Spectacle. Is it possible to talk about Carolee Schneemann’s use of her erotic body – intellectual body in her performance lectures without the audience being attracted, distracted, repulsed by images of her spectacular(ized) events? It seems that even forty years after her initial work being performed it is hard to introduce another way of talking about/seeing her creative process and performance.

I am annoyed.

I want to talk about Schneemann’s use of her body in the context of a larger strategy of excess, where her erotic body is only one element within a landscape of layered elements. Something in the way I present the information in relation to the images creates a situation that doesn’t allow moving beyond the surface of her nakedness, the assumed shock value of the experience and the inherent narcissism of the performer. Part of it has to do with what the audience brings to the environment but it is my challenge to bring people to another place, to SEE what I see in Schneemann’s work and HEAR what I have discovered about her process and potentially WITNESS the effects of her strategy in presentation. It is not a failure of the audience it is a failure in communication between us. The challenge is considerable. A naked body screams, look at me and judge me. But why can’t it also be a site of intelligent provocation? How can I explain that Schneemann was completely aware of the effect her body had on audiences and that she was trying to integrate an idea of body knowledge with intellectual knowledge?

I am annoyed. I gave her away. I served her up as spectacle and didn’t manage to convey the elements of her process which have carried forward into my own work. I don’t deny her spectacularized sexual, messy anti-aesthetic, nor do I embrace all of those aspects in my own work. I do not want to hotly defend or dismiss her work and that is precisely what I ended up doing.

When I moved off the table onto the floor, onto the scroll and into an invitation to the audience to participate in an experience of creating a “body ball” I was physically showing how elements of Schneemann’s process have come into my body and “sit” in my work. The body ball is Schneemann’s, the willow sticks, as a means of focusing on the points of connection, are mine. None of that transmission of her embodied knowledge into my own process has anything to do with how her erotic body has been spectacularized.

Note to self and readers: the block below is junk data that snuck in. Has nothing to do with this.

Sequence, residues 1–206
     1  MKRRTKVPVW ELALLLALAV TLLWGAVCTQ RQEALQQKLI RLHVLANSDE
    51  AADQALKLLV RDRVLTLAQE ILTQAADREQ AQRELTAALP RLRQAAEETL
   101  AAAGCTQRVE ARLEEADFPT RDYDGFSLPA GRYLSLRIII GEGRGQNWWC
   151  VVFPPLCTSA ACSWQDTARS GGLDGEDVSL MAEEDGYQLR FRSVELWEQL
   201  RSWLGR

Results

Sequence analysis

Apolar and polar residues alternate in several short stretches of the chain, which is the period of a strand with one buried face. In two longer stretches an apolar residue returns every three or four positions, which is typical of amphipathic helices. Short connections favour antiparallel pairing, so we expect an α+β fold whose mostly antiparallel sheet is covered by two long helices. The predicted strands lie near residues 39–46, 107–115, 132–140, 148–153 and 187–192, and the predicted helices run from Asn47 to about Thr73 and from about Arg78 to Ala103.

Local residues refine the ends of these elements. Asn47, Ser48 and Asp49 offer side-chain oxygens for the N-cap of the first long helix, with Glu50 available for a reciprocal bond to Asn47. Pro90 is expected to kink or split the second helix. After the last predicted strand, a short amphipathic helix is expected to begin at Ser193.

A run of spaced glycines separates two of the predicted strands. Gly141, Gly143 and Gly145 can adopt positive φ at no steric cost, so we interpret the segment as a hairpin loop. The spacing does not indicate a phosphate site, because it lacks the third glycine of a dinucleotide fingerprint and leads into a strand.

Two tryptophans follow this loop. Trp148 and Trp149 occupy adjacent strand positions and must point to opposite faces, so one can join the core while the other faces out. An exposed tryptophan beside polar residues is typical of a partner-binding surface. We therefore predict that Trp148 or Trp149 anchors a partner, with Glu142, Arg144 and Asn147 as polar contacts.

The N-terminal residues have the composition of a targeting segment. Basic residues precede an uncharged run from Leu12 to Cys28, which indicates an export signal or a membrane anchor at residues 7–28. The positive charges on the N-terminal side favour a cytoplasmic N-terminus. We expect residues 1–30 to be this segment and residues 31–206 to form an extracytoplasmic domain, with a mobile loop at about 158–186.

At the same time I am screaming inside: why can’t a person, (a woman? This probably is gendered and I am stunned that the situation hasn’t changed) Be as an erotic spectacle? Why is that experience called narcissism rather than an authentic attempt to engage the senses on all levels and challenge an audience to be “turned on” physically and intellectually? Schneemann art-life process is worth remembering for more than just shock value. There is so much more to her process that is relevant to contemporary art practices that it is disappointing when I fail to convey those things. Her early work speaks about pathic knowledge, collaboration, ethically engaged practices, feminism, multi-disciplinarity and the blurring of art and life.

What I want to do is provide an alternative reading of her work and process based on my research of her art-life process. I forgot that I have to foreground how her work is usually received and carefully explain how the images do not tell the whole story of how her works were originally presented and received. I also have to challenge people to look beyond the surface and listen to what I say not just look at the images. The images are not the work, the information I am providing needs to be as important if not more important than the images.